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United States v. Castro-Prieto

United States District Court, E.D. Washington

April 23, 2014

UNITED STATES OF AMERICA, Plaintiff/Respondent,
v.
GERARDO CASTRO-PRIETO, Defendant/Petitioner.

ORDER DENYING MR. CASTRO-PRIETO'S § 2255 MOTION, AND CLOSING FILE

EDWARD F. SHEA, District Judge.

On March 24, 2014, Mr. Castro-Prieto filed a Motion under 28 U.S.C. § 2255 to Vacate, Set Aside, or Correct Sentence by a Person in Federal Custody. ECF No. 48. After reviewing the record, the Court finds summary dismissal of the § 2255 motion is warranted because it is untimely and therefore Mr. Castro-Prieto is plainly not entitled to relief. See 28 U.S.C. § 2255; Rule 4, 28 U.S.C. foll. § 2255. For the reasons set forth below, Mr. Castro-Prieto's § 2255 motion is denied.

A. Background

In 2006, Mr. Castro-Prieto was charged in four separate indictments in the Eastern District of Washington:

• CR-06-6008-EFS (Alien in the United States after Deportation in violation of 8 U.S.C. § 1326);
• CR-06-6012-EFS (Felon in Possession of a Firearm in violation of 18 U.S.C. § 922(g)(1));
• CR-06-6049-EFS (Possession of a Firearm in Furtherance of a Drug Trafficking Crime in violation of 18 U.S.C. §§ 924(c)(1)(A) and Possession with Intent to Distribute Methamphetamine in violation of 21 U.S.C. § 841(a)(1)); and
• CR-06-6050-EFS (Felon in Possession of a Firearm in violation of 21 U.S.C. § 841(a)).

On September 12, 2006, Mr. Castro-Prieto entered a guilty plea, without a plea agreement, to the Alien in the United States After Deportation count in CR-06-6008-EFS ("Alien Count"). CR-06-6008-EFS, ECF No. 24. On September 27, 2006, Mr. Castro-Prieto entered a guilty plea to the Felon in Possession of a Firearm count in CR-06-6012-EFS ("Felon-with-Firearm Count"). In the Felon-with-Firearm Count plea agreement, the USAO agreed to recommend a sentence at the low end of the applicable Sentencing Guideline range and to recommend a concurrent sentence with the to-be-imposed sentence for the Alien Count. CR-06-6012-EFS, ECF No. 48.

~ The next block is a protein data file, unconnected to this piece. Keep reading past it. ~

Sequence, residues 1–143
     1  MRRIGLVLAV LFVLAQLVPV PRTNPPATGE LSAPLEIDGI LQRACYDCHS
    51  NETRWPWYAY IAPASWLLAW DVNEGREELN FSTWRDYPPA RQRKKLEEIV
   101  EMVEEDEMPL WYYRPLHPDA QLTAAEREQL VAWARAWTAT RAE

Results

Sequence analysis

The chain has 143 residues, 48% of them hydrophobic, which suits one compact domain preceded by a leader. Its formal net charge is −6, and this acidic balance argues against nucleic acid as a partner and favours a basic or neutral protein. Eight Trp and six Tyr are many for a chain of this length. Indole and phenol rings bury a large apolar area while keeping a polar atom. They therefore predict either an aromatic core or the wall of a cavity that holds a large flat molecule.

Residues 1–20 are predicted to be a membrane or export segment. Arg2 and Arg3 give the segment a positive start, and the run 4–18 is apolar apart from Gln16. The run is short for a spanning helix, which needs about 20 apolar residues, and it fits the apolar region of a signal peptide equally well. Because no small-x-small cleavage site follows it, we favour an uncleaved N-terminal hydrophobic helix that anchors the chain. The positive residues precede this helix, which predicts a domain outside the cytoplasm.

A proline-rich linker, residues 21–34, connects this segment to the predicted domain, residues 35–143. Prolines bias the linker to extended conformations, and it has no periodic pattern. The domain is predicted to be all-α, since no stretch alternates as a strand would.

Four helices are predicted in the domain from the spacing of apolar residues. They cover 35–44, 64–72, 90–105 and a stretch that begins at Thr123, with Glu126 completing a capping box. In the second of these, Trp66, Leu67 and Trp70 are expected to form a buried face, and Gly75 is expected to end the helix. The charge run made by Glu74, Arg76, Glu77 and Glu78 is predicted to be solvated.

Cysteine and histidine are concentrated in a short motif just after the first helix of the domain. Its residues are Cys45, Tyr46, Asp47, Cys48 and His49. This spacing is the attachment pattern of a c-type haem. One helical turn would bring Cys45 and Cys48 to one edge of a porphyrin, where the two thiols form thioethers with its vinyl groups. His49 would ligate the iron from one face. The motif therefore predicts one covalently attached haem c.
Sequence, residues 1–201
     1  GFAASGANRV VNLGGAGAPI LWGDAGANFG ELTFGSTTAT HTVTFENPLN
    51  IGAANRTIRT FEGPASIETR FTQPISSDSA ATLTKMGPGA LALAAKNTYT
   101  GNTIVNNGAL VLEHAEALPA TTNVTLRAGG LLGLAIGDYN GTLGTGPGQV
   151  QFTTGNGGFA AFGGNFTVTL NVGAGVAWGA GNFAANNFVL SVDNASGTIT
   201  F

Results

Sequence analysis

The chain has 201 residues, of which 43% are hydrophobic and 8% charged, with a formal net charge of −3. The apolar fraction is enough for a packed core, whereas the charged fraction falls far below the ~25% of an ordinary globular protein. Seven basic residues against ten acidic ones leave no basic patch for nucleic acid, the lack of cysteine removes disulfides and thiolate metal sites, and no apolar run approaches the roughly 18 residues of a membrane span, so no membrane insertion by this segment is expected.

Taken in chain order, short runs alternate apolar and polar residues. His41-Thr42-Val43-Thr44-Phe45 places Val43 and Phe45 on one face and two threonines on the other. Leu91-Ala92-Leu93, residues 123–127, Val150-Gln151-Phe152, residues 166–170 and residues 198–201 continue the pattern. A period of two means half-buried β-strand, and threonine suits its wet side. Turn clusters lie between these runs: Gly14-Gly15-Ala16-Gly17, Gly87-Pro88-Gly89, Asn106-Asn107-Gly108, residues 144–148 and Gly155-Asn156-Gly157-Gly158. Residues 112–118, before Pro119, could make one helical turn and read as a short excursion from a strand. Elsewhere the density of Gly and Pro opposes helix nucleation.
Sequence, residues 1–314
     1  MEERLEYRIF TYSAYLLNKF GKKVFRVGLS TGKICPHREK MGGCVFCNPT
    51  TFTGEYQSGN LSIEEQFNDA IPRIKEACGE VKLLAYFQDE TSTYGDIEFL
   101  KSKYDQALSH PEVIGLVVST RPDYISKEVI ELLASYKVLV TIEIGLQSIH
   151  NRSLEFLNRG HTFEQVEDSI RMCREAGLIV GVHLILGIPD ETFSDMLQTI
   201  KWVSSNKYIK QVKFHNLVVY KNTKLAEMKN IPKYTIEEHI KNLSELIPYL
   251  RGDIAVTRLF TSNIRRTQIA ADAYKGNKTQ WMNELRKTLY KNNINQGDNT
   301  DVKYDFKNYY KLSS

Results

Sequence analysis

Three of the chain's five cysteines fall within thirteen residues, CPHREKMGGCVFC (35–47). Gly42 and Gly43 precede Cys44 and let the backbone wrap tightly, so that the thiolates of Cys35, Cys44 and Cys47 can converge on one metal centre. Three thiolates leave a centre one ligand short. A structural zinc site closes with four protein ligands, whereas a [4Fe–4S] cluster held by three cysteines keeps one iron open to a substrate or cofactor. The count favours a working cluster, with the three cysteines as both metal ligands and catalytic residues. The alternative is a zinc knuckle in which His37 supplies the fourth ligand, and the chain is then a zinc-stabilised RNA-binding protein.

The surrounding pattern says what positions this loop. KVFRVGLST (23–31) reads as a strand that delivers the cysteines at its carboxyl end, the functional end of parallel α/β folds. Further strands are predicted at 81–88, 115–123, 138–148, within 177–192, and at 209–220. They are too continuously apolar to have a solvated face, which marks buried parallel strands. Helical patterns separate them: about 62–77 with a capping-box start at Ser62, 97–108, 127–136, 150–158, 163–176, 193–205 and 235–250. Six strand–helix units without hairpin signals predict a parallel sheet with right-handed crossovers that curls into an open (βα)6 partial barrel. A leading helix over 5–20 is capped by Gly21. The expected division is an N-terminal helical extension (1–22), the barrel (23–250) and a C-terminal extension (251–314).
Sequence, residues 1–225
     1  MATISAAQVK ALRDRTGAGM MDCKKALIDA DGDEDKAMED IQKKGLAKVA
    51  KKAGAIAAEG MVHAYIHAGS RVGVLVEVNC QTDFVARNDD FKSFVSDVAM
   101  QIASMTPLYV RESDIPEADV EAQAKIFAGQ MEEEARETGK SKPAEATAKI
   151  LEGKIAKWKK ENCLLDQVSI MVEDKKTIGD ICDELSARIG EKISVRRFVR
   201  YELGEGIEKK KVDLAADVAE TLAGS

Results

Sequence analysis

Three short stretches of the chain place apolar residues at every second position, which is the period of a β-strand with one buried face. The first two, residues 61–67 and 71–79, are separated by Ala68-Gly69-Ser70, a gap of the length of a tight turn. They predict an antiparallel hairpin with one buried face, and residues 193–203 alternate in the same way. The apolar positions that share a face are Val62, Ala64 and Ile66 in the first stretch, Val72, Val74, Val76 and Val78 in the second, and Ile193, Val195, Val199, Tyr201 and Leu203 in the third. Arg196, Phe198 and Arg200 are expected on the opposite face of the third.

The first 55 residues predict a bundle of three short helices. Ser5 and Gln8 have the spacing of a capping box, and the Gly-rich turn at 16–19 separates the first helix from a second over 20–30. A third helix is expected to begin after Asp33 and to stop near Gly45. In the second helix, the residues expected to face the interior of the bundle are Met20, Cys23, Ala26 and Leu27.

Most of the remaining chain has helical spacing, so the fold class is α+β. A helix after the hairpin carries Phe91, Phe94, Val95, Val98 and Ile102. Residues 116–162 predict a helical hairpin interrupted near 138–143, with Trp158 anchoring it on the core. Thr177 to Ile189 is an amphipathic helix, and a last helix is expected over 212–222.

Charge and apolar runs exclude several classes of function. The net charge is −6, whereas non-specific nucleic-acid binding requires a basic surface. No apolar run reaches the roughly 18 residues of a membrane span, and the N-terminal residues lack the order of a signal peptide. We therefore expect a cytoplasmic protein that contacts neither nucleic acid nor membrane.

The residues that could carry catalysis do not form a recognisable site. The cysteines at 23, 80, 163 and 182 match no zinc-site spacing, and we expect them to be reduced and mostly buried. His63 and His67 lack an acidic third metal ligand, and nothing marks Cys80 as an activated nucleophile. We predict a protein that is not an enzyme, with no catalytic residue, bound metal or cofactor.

On January 19, 2007, a change-of-plea hearing occurred in CR-06-6049-EFS, wherein Mr. Castro-Prieto pled guilty to Count 1 ("Drug-Trafficking-Firearm Count") in return for the U.S. Attorney's Office (USAO) dismissing Count 2 in CR-06-6049-EFS, as well as the single count in CR-06-6050-EFS. CR-06-6049-EFS, ECF No. 36. In the parties' binding Federal Rule of Criminal Procedure 11(c)(1)(C) plea agreement, the parties acknowledged that the Court was statutorily required to impose at least a five-year sentence for the Drug-Trafficking-Firearm Count. The parties asked the Court to impose a sentence of five years for the Drug-Trafficking-Firearm Count in CR-06-6049, as well as a consecutive five-year term of imprisonment for the Alien Count and Felon with Firearm Count that Mr. Castro-Prieto previously plead guilty to in CR-06-6008-EFS and CR-06-6012-EFS, respectively. CR-06-6049-EFS, ECF No. 36 ¶ 9. The Court accepted Mr. Castro-Prieto's guilty plea to the Drug-Trafficking-Firearm Count, but delayed accepting the binding plea agreement at that time.

On February 20, 2007, the Court held a hearing in all four criminal matters involving Mr. Castro-Prieto. In CR-06-6008-EFS, CR-06-6012-EFS, and CR-06-6049-EFS, the Court held sentencings. After reviewing the presentence investigation reports, sentencing-related material, and relevant authority, and hearing from counsel and Mr. Castro-Prieto, the Court accepted the parties' binding global sentencing recommendation for the three Counts to which Mr. Castro-Prieto pled guilty.[1] The Court sentenced Mr. Castro-Prieto to sixty months on the Alien Count and Felon-with-Firearm Count to run concurrently with each other, and sixty-months on the Drug-Trafficking-Firearm Count to run consecutive to the other two sentences, as required by 18 U.S.C. § 924(c)(1)(A)(i). CR-06-6049-EFS, ECF No. 42. The Court granted the USAO's motion to dismiss the second count in CR-06-6012-EFS and the indictment in CR-06-6050-EFS.